matrix: array of 6 transformation coefficients for svg map
  tileMatrix: array of 6 transformation coefficient for tile map
  map: reference to the map itself

So matrix key has the matrix transformation values. We attach this matrix’ values to worldPop group of SVG as transform property and the svg group is scaled, rotated and translated to desired position. For any other interaction function of emptymap.js also we need to pass callback function. And that function get passed same error and map’s state, so we can make maps state handler as a function:

 41 function handleMapState(err,state) {
 42   if(err) {
 43     console.log('map state error: '+ err);
 44     return;
 45   }
 46   var svgLayer = document.getElementById('worldpop');
 47   svgLayer.setAttribute('transform','matrix('+state.matrix.join(', ')+')');
 48   //show maps current view above map
 49   document.getElementById('viewJSON').innerHTML = JSON.stringify(
 50,null, 2);
 51 }

Hammerjs’ event object has event (interaction) center coordinates relative to the upper-left corner of the browser’s client area. That need to be converted as relative to map’s viewprot. getEventCenterPx is used for that.

 34 function getEventCenterPx(ev) {
 35   var viewPort = document.getElementById('viewPort');
 36   return [
 37 - viewPort.getBoundingClientRect().left,
 38 - viewPort.getBoundingClientRect().top];
 39 }

Now we’ll check how the interactions or gestures are handled with Hammerjs. There is nice documentation also available for Hammerjs. Hammer is quite flexible library to handle the screen as well as mouse interaction. First create Hammer instance by passing the map’s viewport div then attach event handler.

Now lets look at the panning of map. First we initiate the Hammer instance and add pan gesture.

 54 var viewPort = document.getElementById('viewPort');
 55 var mc = new Hammer.Manager(viewPort);
 56 mc.add( new Hammer.Pan({
 57   direction: Hammer.DIRECTION_ALL,
 58   threshold: 0,
 59   pointers: 1,
 60   preventDefault: true
 61 }) );

Now the pan event’s handlers are:

 62 var lastDelta = {x: 0, y: 0};
 63 mc.on('panstart', function(ev) {
 64   console.log('panstart');
 65   lastDelta = {x: 0, y: 0};
 66 });
 67 mc.on('pan', function(ev) {
 68   var cont = document.getElementById('container');
 69   emap.applyDeltaMove({
 70     deltaX: ev.deltaX - lastDelta.x,
 71     deltaY: ev.deltaY - lastDelta.y,
 72     callback: handleMapState
 73   });
 74   lastDelta.x = ev.deltaX;
 75   lastDelta.y = ev.deltaY;
 76 });

In Hammer callback’s event(ev) object deltaX and deltaY are from starting of the pan event. But we want to apply the continues pan so I store the last delta while pan is in action and sort of recalculating the delta move (for x: ev.deltaX - lastDelta.x) that has not been applied to map. So now implementation is simple just pass deltaX, deltaY and map state handler (handleMapState) to .applyDeltaMove API and your map is pan enabled for touch screen (mobile, tab etc) or desktop.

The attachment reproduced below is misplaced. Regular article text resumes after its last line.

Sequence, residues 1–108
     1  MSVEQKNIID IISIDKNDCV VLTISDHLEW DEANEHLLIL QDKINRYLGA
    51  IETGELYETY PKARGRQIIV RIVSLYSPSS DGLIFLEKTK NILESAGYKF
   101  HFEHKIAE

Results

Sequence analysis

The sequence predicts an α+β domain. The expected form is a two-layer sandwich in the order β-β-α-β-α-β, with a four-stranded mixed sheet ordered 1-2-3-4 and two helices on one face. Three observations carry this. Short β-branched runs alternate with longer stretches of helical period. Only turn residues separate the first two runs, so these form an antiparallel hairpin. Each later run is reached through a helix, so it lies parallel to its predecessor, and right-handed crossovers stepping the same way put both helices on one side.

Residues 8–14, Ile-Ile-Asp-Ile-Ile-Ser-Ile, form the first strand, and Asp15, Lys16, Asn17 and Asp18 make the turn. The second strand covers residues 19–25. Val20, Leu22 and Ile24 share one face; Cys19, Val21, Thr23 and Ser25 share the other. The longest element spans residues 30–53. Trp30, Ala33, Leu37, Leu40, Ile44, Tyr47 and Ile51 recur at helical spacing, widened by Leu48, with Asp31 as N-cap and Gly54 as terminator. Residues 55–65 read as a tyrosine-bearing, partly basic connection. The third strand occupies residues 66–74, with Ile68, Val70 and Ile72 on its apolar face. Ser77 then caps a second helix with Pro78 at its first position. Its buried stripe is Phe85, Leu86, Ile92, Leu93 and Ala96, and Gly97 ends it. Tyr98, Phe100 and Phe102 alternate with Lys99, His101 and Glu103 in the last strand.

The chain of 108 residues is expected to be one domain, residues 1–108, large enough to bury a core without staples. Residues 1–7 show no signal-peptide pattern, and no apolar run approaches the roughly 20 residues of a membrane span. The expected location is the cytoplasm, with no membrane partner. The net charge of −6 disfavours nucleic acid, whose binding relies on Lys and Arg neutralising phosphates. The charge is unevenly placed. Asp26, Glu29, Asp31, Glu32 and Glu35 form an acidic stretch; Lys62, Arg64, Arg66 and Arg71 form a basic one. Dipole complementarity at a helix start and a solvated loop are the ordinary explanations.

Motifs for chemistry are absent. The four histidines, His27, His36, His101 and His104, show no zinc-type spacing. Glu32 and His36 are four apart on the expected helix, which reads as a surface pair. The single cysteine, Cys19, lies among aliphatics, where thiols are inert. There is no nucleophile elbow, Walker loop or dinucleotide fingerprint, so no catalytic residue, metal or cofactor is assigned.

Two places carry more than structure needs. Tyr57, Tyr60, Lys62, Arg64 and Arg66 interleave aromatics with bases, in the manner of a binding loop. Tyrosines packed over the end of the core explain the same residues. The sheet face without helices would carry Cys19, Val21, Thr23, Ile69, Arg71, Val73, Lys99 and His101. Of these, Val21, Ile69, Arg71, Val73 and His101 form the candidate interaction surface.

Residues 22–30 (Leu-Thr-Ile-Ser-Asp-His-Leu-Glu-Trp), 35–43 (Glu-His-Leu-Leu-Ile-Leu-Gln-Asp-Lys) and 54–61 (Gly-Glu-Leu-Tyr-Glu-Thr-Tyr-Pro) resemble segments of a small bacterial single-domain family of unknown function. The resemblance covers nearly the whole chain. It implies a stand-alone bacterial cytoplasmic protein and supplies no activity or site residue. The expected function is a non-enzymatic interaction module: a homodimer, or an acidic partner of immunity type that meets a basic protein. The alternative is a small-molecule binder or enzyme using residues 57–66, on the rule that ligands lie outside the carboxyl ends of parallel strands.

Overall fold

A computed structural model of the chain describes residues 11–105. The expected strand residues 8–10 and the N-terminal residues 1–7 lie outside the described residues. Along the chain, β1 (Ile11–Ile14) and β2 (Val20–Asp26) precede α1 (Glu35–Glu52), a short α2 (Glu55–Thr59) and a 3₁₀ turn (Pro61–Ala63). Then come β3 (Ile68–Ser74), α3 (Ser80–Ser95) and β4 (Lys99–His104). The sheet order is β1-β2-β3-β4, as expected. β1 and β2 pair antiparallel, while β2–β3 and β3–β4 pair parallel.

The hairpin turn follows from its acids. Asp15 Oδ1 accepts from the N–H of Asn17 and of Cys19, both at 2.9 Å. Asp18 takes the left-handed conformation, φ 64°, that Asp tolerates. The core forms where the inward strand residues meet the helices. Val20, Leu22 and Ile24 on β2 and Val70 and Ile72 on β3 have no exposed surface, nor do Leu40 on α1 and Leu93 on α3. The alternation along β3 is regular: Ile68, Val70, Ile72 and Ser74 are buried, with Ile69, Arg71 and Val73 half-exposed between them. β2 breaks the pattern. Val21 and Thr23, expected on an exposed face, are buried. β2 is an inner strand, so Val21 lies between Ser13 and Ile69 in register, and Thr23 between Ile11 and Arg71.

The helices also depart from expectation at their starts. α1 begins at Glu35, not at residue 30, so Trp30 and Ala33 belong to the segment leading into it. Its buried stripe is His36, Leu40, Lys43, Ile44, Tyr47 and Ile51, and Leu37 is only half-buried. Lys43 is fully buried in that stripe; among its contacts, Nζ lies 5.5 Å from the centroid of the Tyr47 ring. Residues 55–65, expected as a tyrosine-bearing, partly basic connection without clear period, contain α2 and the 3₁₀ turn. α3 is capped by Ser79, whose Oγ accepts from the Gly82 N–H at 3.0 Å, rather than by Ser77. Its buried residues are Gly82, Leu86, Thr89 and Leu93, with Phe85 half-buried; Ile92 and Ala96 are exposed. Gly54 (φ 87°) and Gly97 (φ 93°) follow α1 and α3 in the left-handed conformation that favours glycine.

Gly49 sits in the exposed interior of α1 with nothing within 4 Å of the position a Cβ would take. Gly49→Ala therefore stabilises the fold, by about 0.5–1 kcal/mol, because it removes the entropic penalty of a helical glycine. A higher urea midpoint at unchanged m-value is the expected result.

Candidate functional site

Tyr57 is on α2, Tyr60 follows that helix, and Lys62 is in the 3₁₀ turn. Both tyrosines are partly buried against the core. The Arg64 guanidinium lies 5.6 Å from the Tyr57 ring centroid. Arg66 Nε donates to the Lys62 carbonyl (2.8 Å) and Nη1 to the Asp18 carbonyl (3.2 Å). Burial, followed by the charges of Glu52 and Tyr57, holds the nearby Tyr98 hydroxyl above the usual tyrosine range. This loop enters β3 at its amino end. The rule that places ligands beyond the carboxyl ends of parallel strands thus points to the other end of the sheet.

Aren’t we excited, what about zoom in on double tap. Not difficult, use .applyDeltaScaleRotation API, pass the tapped position on viewport and scale factor. In case of zoom in scale factor should be 2. Finally our callback handleMapState will set the zoomed in map.

 79 mc.add(new Hammer.Tap({event: 'doubletap',taps: 2}));
 80 mc.on('doubletap', handleDoubleTap);
 81 function handleDoubleTap(ev) {
 82   console.log('doubletapped');
 83   var tapX = - viewPort.getBoundingClientRect().left;
 84   var tapY = - viewPort.getBoundingClientRect().top;
 85   emap.applyDeltaScaleRotation({
 86     position: [tapX, tapY],
 87     factor: 2,
 88     callback: handleMapState
 89   });
 90 }

Now we are too excited lets pinch and rotate the map. For pinch and rotation to work simultaneously there is function in Hammer .recognizeWith and used like this:

 92 var pinch = new Hammer.Pinch();
 93 var rotate = new Hammer.Rotate(
 94   {event:'rotate',pointers:2,threshold: 0});
 95 pinch.recognizeWith(rotate);
 96 mc.add(pinch);
 97 mc.add(rotate);

Like lastDelta for pan, lastScale and lastRot are used to store the intermediate scale during pinch and rotation respectively. Pinch and rotation both are handled by .applyDeltaScaleRotation API of emptymap.js. In case of pinch pass scale factor to which the map would be zoomed in or zoomed out. And in case of rotation we pass the rotation angle in degrees clockwise positive. Again handleMapState callback function set the map’s state to SVG map. Check the detailed code for pinch and rotation interaction/gesture handler here.

Now I think for zoom in/out buttons you can easily guess what should be the click event handler function. Yes its .applyDeltaScaleRotation with scale factor 2 for zoom in and scale factor 0.5 for zoom out.

I hope your SVG map is navigable now with pinch, drag and rotation.

Note: Each article in this blog is an individual project. Here is the source code for this article’s map.